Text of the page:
this is a discussion within the Saints Community Forum; I know this isn't football related but it is in a way. Halo I hope you'll indulge me. Oklahoma City all abuzz over the Hornets By Greg Boeck, USA TODAY Wed Nov 23, 6:46 AM ET "Live your life so ...
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|11-23-2005, 02:24 PM||#1|
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Join Date: Aug 2002
Location: CRYSTAL BEACH TEXAS
Why can't the Saints owner and players be like this?
I know this isn't football related but it is in a way. Halo I hope you'll indulge me.
Oklahoma City all abuzz over the Hornets By Greg Boeck, USA TODAY
Wed Nov 23, 6:46 AM ET
"Live your life so that whenever you lose, you are ahead."- Will Rogers, humorist and political satirist, 1879-1935
Oklahoma's favorite son would be proud of this city, 140 miles southwest of his Oologah birthplace. Some 80 years after he doled out that down-home advice, this reborn city has bear-hugged a team it will one day lose - but be ahead.
Fueling a vibrant renaissance of a downtown rocked by the federal building bombing that claimed 168 lives in 1995, Oklahoma City, almost overnight, has stamped itself as a red-hot big league sports property with its rousing embrace of the New Orleans Hornets. They're the NBA team displaced by Hurricane Katrina in September.
Love at first dribble. That's one way to explain this western-flaired city's instant attachment to a team relocated from the Deep South. Another is the kinship born out of shared tragedies.
"We can identify with New Orleans, big time," says Oklahoma City native Mike Wilson, 55.
Mayor Mick Cornett agrees. "It made us more sensitive to what they were going through. One (tragedy) was man-made, the other wasn't. But both cities probably went through a 'why us?' that's tough to come out of."
The Hornets sold 10,000 season tickets after the move was announced. After five games of 35 set for NBA-ready Ford Center, the team is playing to 97% of its 19,163-seat capacity - and feeding off the crowd with a surprising 4-6 start entering tonight's home game against the Minnesota Timberwolves.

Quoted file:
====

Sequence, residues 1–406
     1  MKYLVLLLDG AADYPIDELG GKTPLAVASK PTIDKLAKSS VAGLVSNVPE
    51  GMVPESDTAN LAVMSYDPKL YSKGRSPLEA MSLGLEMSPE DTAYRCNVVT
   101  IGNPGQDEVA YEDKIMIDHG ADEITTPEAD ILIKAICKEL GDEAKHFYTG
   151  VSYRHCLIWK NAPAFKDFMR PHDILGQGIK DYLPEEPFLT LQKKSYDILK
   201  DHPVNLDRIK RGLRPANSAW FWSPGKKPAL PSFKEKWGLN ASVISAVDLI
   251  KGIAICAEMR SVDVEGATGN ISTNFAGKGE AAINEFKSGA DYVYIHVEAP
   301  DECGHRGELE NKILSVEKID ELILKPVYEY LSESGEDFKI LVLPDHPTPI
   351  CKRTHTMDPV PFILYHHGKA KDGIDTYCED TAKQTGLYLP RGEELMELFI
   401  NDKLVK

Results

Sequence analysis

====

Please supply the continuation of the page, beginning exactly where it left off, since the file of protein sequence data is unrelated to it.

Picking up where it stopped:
"They've made us feel at home," says center P.J. Brown, whose flooded home in Slidell, La., sent his family to live in Humble, Texas, outside Houston. "There's energy throughout the whole city."
The major league sports-starved locals have so taken to the young Hornets, who were 18-64 and averaged a league-low 14,221 last season in New Orleans Arena, that coach Byron Scott marveled at the cheers his team heard coming off the court - after a loss.
"It was because of our effort," he says. "The people have been fantastic."
How rabid are fans, who line up at games to buy $20 T-shirts and $25 caps emblazoned with "Oklahoma City Hornets"? According to The Daily Oklahoman, two teens arrested last week for allegedly robbing a convenience store at knifepoint told police they wanted money for Hornets tickets so they could see professional basketball players.
The NBA team is targeted to return to its flood-ravaged home, perhaps as early as March for three games. Owner George Shinn, who bought a home in Oklahoma City and comes to games in cowboy boots, has promised to bring home the team when the time is right.
But Oklahoma City, with a metropolitan population of 1.1 million that ranks it as the second-smallest market in the NBA ahead of only the Salt Lake City-based Utah Jazz, isn't expected to be left out in the NBA cold for long.
Once a sleepy cowboy town that rooted for college football teams in Norman (Oklahoma) and Stillwater (Oklahoma State) and claimed state-grown stars Mickey Mantle and Johnny Bench, the city has irreversibly proven itself a vital major league destination.
"It's beyond anything we expected or hoped for," NBA commissioner David Stern says. "The community stepped up big time - elected officials, the corporate sector and fans. In my view, they've moved to the top of the list if an NBA team were ready to move."
Prime prospects, with expansion not on the horizon: The Seattle Supersonics and Sacramento Kings, if neither resolves its lease negotiations, and the Orlando Magic if they fail to get the new arena they want.
"We had expectations, but they've been exceeded," says Clay Bennett, who championed the courtship of the Hornets on the business front. "There's pent-up demand in a much more sophisticated market than we even gave ourselves credit for."
"This," said Cornett, "is validation."
Originally, leaders at the forefront of the city's renaissance in the late '90s targeted the NHL for an expansion team in 1999 but came up empty-handed with the $89 million Ford Center under construction. It opened in 2002 with the Blazers, a Central Hockey League team, and the Yard Dawgz, an Arena Football League team, its main tenants.
Coupled with the '98 opening of SBC Bricktown Ballpark, home of the Class AAA Redhawks, and development of Bricktown, crown jewel of the downtown entertainment district, the city had everything but a big-league tenant.